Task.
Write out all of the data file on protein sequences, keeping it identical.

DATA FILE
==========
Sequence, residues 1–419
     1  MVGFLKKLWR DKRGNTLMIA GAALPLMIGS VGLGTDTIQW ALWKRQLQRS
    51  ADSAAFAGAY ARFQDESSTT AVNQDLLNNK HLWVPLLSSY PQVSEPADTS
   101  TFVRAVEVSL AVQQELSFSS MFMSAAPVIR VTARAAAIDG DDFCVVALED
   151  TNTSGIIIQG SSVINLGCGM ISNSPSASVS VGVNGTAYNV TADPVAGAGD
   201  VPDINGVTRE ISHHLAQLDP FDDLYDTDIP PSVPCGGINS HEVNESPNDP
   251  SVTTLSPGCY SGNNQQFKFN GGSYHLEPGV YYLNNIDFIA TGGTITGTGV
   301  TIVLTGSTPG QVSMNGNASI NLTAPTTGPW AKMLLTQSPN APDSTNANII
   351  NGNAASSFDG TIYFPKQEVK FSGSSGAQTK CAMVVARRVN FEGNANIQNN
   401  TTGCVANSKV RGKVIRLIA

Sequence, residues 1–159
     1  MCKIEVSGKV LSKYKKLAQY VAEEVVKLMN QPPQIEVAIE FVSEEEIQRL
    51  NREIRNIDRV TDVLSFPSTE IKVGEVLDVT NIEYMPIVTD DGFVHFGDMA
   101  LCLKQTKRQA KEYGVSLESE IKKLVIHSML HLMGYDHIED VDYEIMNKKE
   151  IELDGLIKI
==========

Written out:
Sequence, residues 1–419
     1  MVGFLKKLWR DKRGNTLMIA GAALPLMIGS VGLGTDTIQW ALWKRQLQRS
    51  ADSAAFAGAY ARFQDESSTT AVNQDLLNNK HLWVPLLSSY PQVSEPADTS
   101  TFVRAVEVSL AVQQELSFSS MFMSAAPVIR VTARAAAIDG DDFCVVALED
   151  TNTSGIIIQG SSVINLGCGM ISNSPSASVS VGVNGTAYNV TADPVAGAGD
   201  VPDINGVTRE ISHHLAQLDP FDDLYDTDIP PSVPCGGINS HEVNESPNDP
   251  SVTTLSPGCY SGNNQQFKFN GGSYHLEPGV YYLNNIDFIA TGGTITGTGV
   301  TIVLTGSTPG QVSMNGNASI NLTAPTTGPW AKMLLTQSPN APDSTNANII
   351  NGNAASSFDG TIYFPKQEVK FSGSSGAQTK CAMVVARRVN FEGNANIQNN
   401  TTGCVANSKV RGKVIRLIA

Sequence, residues 1–159
     1  MCKIEVSGKV LSKYKKLAQY VAEEVVKLMN QPPQIEVAIE FVSEEEIQRL
    51  NREIRNIDRV TDVLSFPSTE IKVGEVLDVT NIEYMPIVTD DGFVHFGDMA
   101  LCLKQTKRQA KEYGVSLESE IKKLVIHSML HLMGYDHIED VDYEIMNKKE
   151  IELDGLIKI